One question that we frequently receive from companies operating in the government contracting arena is what accounting system do we recommend? The accounting and finance function can provide strategic value and help an organization grow. It should also be efficient and allow for timely reporting to management and other stakeholders. In addition, government contractors are subject to many regulations and reporting requirements that create a need for accurate and specialized financial reporting, as well as appropriate accounting policies. The accounting system that your company uses is part of the foundation of a strategic, effective, and efficient accounting and finance function, which makes selecting an accounting system a very important decision.
QuickBooks is one of the most widely used accounting systems, especially among small businesses. It is a viable solution for many government contractors, and is one of the most inexpensive accounting systems. This is especially important in the current contracting environment that has moved more and more towards Lowest Price Technically Acceptable. Below we will discuss one of the most important considerations when determining an appropriate accounting system; the nature of a company’s contracts and related revenue recognition. We will also discuss a few other factors that should be considered when making an evaluation.
Contracts and Revenue Recognition
Both the type of contracts that your company has and the method of recognizing revenue for each of those contracts are important factors to consider when choosing an accounting system. If your company has primarily Time & Materials (T&M) contracts and has non-complex revenue recognition, then QuickBooks is more likely an acceptable option compared to if your company has cost-reimbursable contracts or fixed price contracts with complicated revenue recognition. Let’s briefly take a look at each type of contract and some items to consider for each. For purposes of our evaluation, we are assuming the company being evaluated primarily provides labor and services to the government.
Time & Materials Contracts
The billing and revenue recognition for T&M contracts is typically a straight-forward process. The contractor will have a contract with agreed-upon prices for different labor categories. For example, a company may have a contract that calls for a bill rate of $108 per hour for a Senior Software Developer. The developer will then enter his hours worked in a given period on their timesheet, and the contractor will bill the customer at an amount equal to the hours worked times the bill rate of $108. The revenue recognized will also be equal to the same amount that was billed. When working in QuickBooks, you can store your bill rate for the developer as an “Item” and easily create an invoice by entering the “Item” and the hours worked in the period on the invoice. This will also record your revenue at an amount equal to the billed amount, which would result in proper revenue recognition. Because of the lack of complexity associated with T&M contracts and this process, if your company has primarily or solely T&M contracts, then QuickBooks becomes a suitable option.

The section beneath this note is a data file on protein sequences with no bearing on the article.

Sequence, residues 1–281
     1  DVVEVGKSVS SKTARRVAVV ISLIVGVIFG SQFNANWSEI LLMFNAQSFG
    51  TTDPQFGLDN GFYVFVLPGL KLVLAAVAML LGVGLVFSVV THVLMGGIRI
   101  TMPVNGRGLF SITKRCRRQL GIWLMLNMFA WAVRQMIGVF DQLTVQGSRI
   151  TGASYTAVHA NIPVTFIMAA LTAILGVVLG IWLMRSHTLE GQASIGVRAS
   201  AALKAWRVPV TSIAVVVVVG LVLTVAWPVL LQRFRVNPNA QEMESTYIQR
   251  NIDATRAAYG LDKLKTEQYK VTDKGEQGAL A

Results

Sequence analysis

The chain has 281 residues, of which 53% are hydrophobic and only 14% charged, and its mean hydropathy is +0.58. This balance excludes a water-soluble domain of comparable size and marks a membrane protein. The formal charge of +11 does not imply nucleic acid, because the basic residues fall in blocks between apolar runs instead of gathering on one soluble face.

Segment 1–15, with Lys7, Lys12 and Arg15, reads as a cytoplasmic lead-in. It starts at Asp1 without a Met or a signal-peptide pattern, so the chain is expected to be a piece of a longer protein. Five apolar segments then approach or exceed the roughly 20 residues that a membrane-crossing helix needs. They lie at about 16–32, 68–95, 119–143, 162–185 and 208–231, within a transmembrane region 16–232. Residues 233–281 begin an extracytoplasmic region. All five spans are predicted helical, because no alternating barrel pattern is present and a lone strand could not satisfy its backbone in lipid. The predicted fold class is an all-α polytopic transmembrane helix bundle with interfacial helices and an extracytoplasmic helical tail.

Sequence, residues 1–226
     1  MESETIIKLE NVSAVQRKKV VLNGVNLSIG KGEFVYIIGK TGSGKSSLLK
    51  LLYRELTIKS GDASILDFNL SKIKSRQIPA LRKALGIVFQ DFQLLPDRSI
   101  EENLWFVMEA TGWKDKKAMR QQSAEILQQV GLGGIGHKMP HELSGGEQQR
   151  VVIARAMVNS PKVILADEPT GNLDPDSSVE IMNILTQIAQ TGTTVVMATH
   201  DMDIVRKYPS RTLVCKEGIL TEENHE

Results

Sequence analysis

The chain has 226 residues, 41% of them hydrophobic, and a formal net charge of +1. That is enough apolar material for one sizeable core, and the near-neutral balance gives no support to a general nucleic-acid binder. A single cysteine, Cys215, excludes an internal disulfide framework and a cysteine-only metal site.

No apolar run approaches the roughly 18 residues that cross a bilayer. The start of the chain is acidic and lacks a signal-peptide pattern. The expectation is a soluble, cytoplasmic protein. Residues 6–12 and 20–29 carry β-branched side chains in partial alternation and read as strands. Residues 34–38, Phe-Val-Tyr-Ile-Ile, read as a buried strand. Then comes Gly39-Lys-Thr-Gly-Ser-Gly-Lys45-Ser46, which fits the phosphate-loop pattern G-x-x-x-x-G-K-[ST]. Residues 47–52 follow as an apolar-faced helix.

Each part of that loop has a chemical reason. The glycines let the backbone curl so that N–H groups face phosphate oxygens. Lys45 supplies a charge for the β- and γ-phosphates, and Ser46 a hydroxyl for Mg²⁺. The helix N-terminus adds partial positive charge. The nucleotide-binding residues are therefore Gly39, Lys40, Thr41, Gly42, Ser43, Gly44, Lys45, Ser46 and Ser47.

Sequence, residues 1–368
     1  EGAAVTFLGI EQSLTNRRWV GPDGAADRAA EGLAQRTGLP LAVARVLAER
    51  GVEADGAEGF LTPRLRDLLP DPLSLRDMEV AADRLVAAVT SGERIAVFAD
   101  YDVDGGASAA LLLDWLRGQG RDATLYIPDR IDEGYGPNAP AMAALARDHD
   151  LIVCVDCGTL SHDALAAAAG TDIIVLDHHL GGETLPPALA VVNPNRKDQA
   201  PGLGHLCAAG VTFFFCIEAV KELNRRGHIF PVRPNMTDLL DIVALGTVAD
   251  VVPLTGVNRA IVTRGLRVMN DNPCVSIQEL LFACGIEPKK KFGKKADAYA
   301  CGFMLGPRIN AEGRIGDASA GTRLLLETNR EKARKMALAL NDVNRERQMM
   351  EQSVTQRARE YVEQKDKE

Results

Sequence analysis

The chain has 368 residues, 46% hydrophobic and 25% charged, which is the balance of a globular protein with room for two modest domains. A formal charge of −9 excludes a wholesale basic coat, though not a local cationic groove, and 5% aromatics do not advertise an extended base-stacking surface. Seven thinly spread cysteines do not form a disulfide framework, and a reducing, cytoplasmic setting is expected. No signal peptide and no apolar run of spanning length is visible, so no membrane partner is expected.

Fixed Price Contracts
The billing for fixed price contracts is typically not a difficult process, as the contract often calls for billing of a fixed amount at a certain interval of time or upon reaching a certain milestone. The main consideration for this type of contract would be the nature of the contract and the services being provided to the government. An example of a fixed price contract would be an IT systems support contract, which calls for six labor categories to be placed full-time on the government agency site to provide ongoing support and maintenance. The contract might call for a fixed monthly payment to the contractor of $80,000 per month for the services provided, for a 12-month period. In this case, the billing and revenue recognition would be very simple. As the contractor, you were required to provide a service level that is consistent each month, and for any given month you earned a fixed amount for those services. When using QuickBooks, you could simply create the invoice for the fixed amount, and both your billed amount and revenue recognized would be accurate based on that invoice. QuickBooks also allows you to duplicate a prior invoice or create memorized templates to make creating the invoice each month even more efficient. If your company’s fixed price contracts are primarily of this nature, this likely makes QuickBooks a good option.